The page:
It is, therefore, apparent that the Defendant's Motion to Strike the Plaintiffs' Motion to Set Aside the Order of October 12, 1973, must be denied.

 We then come to the consideration of the substance of the Plaintiffs' Motion to Vacate and Set Aside the Order of October 12, 1973. Without attempting to set forth in full what was contained in a twenty-seven page opinion, suffice it to say that the Order granted the Defendant's Motion for Summary Judgment in a diversity suit based on a contract which contained a provision that "This Agreement shall be interpreted under Pennsylvania law and any disputes hereunder shall be tried in the Courts of the Commonwealth of Pennsylvania, the parties hereby waiving the right to a jury trial." The Plaintiffs claim that the Defendants breached the agreement involving the sale of real property located in the State of New York. The Defendants moved to dismiss on the basis that the provision of the agreement limited the Plaintiffs to maintaining their action only in the State Courts of Pennsylvania. The Court treated the Motion as a Motion for Summary Judgment under Rule 56. For the reasons hereinafter set forth, the Plaintiffs' Motion to Set Aside the Order of October 12, 1973 is denied.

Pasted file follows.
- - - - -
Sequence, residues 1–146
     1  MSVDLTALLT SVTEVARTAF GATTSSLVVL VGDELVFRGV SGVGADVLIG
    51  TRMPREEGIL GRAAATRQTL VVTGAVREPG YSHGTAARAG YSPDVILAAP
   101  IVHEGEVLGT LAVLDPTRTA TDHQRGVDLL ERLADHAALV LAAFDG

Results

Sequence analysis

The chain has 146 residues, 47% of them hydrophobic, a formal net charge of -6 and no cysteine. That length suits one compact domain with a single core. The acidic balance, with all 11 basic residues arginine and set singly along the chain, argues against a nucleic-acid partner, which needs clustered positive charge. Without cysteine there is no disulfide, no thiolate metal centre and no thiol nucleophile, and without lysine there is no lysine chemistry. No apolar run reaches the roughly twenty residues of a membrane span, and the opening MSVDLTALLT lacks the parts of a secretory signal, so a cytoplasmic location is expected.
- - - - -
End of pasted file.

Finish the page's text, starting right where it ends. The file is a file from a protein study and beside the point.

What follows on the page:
Plaintiffs' counsel in a rather lengthy brief repeats the arguments which were presented in their numerous briefs and memoranda submitted prior to our decision of October 12, 1973. We do believe, however, that the following may be of assistance in stating the Court's position with respect to the Plaintiffs' arguments.


 Contrary to what appears in the record of this case, the Plaintiffs claim that the Court accepted the statement contained in an affidavit of Richard Zappala dated March 1, 1973. This affidavit was flatly contradicted according to the Plaintiffs by both paragraph five of the supplemental affidavit of Donald Kahan and by Kahan's deposition testimony. It is then their contention that the facts set forth in this affidavit should not have been considered by the Court.